When my daughter was in second grade, I spoke to her class about my work as a fundraiser on career day. Based on her introduction of me, she had her own take on my job: “My mom says hi a lot at work. ‘Hi … hi … hi!’”

I was fascinated and, later, asked her to tell me more: “Well, when we go places, you say, ‘Hi, Kim, how was your weekend?’ and ‘Hi, Mark, how’s your family?’ ‘Hi … hi … hi.’”

She was right! Like my father, I’ve never met a stranger.  And like my mother, I always want to know a person’s story.

Meeting people, hearing what makes them tick and introducing them to organizations that address the issues they care about most—that’s what I love to do.  As fundraisers, we always should be asking questions and listening to the answers: “Hi, Rachel, how was your meeting with the City Commissioner?” “Hi, Frank, how’s it going as campaign chair?”

One particularly meaningful outcome of asking and listening came following a donor’s death. He had included the nonprofit in his estate, and we were organizing a reception to honor his legacy. I knew this event came with unique challenges. His two children had not spoken to each other in 20 years. I understood the magnitude of this moment. We weren’t simply administrating a fundraising to-do; we were making history.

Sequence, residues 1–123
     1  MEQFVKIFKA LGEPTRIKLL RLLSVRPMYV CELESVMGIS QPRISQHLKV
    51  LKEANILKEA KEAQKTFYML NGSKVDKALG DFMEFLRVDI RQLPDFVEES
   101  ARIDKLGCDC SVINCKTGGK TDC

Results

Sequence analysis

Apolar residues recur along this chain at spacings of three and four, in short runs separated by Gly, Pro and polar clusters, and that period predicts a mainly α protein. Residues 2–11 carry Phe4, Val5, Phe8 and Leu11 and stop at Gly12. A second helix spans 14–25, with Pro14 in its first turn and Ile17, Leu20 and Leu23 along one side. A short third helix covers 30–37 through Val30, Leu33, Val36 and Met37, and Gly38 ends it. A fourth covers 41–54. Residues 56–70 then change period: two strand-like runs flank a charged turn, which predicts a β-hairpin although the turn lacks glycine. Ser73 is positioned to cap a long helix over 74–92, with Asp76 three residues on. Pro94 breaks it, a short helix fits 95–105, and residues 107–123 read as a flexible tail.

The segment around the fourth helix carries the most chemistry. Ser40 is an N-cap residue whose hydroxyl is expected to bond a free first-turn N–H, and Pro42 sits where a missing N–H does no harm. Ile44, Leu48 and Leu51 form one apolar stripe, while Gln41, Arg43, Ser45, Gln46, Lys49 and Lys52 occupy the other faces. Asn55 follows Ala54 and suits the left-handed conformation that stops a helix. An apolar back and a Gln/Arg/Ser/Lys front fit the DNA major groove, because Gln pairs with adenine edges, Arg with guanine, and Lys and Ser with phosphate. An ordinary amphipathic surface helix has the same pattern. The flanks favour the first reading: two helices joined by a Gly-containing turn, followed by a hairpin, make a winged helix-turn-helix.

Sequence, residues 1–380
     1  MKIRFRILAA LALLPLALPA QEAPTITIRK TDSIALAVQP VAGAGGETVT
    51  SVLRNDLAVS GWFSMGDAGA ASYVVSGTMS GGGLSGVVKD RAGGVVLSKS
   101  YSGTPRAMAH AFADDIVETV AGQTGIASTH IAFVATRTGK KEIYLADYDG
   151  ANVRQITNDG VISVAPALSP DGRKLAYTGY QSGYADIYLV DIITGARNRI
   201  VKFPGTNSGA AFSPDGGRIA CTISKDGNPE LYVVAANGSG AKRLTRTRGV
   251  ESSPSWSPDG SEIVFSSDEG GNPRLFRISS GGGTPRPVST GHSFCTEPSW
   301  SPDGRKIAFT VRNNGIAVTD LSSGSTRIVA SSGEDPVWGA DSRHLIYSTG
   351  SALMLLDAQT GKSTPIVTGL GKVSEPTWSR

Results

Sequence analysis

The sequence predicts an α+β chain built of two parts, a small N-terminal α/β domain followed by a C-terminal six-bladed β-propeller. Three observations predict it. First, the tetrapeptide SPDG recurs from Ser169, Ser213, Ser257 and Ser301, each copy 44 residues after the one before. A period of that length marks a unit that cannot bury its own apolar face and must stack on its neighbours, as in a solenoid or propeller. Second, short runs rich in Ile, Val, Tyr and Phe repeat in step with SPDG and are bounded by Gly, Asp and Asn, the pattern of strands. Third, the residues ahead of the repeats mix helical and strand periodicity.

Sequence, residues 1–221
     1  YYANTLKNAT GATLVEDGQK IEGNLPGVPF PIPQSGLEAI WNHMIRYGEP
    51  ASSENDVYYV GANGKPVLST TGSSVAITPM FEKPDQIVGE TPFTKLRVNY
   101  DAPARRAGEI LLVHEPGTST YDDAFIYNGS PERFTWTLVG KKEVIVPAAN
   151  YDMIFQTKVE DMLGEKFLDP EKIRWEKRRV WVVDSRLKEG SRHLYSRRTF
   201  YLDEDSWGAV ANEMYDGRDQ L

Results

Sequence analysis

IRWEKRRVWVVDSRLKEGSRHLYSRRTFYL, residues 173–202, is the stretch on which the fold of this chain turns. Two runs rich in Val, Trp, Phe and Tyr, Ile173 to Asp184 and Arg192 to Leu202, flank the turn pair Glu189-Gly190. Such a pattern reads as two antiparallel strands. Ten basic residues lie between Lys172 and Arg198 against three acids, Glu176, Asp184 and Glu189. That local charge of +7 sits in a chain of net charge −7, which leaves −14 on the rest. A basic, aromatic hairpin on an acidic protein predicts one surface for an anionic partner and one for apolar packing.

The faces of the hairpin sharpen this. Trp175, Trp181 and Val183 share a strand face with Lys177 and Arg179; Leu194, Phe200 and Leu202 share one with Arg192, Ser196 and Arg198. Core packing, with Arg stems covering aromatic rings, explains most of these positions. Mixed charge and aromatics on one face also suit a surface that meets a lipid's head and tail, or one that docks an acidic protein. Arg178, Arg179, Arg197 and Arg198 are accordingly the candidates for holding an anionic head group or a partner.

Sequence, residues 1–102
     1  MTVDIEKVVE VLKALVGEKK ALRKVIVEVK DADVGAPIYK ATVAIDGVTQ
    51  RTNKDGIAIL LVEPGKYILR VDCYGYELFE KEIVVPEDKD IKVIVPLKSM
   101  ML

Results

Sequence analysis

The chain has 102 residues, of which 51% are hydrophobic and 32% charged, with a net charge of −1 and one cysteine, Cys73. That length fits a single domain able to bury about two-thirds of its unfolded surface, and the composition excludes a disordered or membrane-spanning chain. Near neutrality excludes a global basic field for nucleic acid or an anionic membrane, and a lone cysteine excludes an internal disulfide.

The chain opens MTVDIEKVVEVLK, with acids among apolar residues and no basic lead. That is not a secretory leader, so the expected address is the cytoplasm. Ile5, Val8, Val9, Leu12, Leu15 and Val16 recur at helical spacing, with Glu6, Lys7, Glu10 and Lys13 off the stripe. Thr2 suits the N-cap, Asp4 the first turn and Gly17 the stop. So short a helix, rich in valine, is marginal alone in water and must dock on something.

After reaching out to the donor’s children, both siblings agreed to attend. Being in the same place at the same time, and hearing the impact of their family’s gift, culminated in what Hartsook refers to as the power of philanthropy—the ability to have a greater impact together than we could alone.

What started with an exchange of “Hellos” between siblings at the reception turned into small talk and progressed to priceless reconciliation.

Not surprisingly, I still keep in touch with them both … just to say, “Hi … hi … hi …”

Tammy Butterfield
Senior Vice President
[email protected]
Kansas City